This is one of the world's glorious Buddhist Chaityas. It is said to be 2000 years old. The Chaitya which forms the main structure is made of a solid hemisphere of brich and clay supporting a lofty conical spire capped by a pinnacle of copper gift. Painted on the four-sides of the spire bases are the all- seeing eyes of Lord Buddha. It is three kilometers west of Kathmandu city, and is situated on a hillock about 77m above the level of the Valley. The hills ls is a mosaic of small Chaityas and pagoda temple.
We walked from Thamel to here and there are great sights along the way. Once you have managed to climb the many many steps you have a great feeling of satisfaction that you have made it. There are great views of Kathmandu from here. There is so much to see up here, you can see how the Hindu and Buddhist beliefs combine. And you have the monkeys to entertain you. Shame that there are stalls set up on some of the shrines. If you follow the road back by the car park you will see many stupas. The road leads you back towards Durbar Square.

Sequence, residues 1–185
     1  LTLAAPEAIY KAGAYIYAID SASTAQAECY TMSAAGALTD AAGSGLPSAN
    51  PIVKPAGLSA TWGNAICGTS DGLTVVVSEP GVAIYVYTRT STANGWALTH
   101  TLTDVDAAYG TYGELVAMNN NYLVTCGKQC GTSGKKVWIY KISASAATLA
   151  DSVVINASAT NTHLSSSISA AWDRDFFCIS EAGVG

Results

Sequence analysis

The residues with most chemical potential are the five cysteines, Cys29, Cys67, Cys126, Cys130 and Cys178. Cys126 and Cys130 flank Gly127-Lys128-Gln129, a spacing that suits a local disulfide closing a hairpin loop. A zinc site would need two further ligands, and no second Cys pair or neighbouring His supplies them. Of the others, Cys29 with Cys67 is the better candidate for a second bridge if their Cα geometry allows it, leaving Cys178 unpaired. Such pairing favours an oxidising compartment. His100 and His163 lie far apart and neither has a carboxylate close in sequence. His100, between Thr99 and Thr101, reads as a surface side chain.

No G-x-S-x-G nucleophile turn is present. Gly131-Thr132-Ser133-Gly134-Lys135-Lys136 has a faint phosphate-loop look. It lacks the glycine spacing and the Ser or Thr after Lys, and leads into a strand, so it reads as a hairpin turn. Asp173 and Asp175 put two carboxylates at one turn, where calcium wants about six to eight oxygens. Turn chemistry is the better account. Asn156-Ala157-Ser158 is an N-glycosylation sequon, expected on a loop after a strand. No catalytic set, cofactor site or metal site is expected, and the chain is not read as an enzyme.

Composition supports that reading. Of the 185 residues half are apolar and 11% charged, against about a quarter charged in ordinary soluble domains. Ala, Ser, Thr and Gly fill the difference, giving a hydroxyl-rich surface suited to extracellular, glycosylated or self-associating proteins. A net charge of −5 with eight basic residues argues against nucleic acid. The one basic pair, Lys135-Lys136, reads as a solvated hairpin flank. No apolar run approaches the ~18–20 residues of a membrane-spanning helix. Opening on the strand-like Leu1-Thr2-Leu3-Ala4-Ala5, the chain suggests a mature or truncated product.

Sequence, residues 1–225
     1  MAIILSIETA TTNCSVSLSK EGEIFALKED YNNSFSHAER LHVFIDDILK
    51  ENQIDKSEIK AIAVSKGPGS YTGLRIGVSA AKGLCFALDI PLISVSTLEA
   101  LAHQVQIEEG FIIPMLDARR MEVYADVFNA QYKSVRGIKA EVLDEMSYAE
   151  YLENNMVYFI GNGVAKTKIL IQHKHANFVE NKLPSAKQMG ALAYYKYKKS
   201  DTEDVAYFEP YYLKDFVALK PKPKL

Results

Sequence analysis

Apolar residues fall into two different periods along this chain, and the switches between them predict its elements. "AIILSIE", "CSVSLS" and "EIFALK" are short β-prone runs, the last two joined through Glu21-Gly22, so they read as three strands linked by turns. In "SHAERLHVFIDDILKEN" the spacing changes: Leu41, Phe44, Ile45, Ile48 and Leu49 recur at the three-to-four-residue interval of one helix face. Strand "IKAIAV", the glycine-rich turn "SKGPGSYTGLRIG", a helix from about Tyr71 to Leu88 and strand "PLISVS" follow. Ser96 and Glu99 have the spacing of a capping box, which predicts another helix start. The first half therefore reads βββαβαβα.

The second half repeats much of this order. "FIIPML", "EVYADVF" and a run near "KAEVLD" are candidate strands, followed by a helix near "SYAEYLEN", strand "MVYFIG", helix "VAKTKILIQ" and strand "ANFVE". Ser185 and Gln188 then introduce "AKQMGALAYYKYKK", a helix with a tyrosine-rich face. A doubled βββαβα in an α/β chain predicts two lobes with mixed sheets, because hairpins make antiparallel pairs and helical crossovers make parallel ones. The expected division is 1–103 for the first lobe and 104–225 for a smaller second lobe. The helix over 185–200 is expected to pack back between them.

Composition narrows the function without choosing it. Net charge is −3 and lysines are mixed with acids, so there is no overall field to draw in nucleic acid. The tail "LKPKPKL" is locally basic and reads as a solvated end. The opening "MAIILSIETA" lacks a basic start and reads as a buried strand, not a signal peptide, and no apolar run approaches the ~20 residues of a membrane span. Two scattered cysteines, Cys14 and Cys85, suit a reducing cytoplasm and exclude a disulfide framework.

On of the most known landmarks of Nepal, the Swayambhunath temple complex is not to be missed: temples full of Buddhist symbols, responding even to the western imaginary on exotic hidden temples surrounded by vegetation and monkeys. Besides, an afternoon visit will be rewarded by panoramic views over the Valley and a religious ceremony at the Buddhist monastery (aka gompa).
According to Nepalese mythology, while the entire Kathmandu valley was once with an enormous lake, a lotus flower grew on this singular hill who rising above the waters. in time, the waters drained out of the lake, leaving the valley in which Kathmandu now lies. The lotus was transformed into a hill and the flower become the Swayambhunath stupa. Hence, the place is called Swayambhu, meaning the “Self-Created”.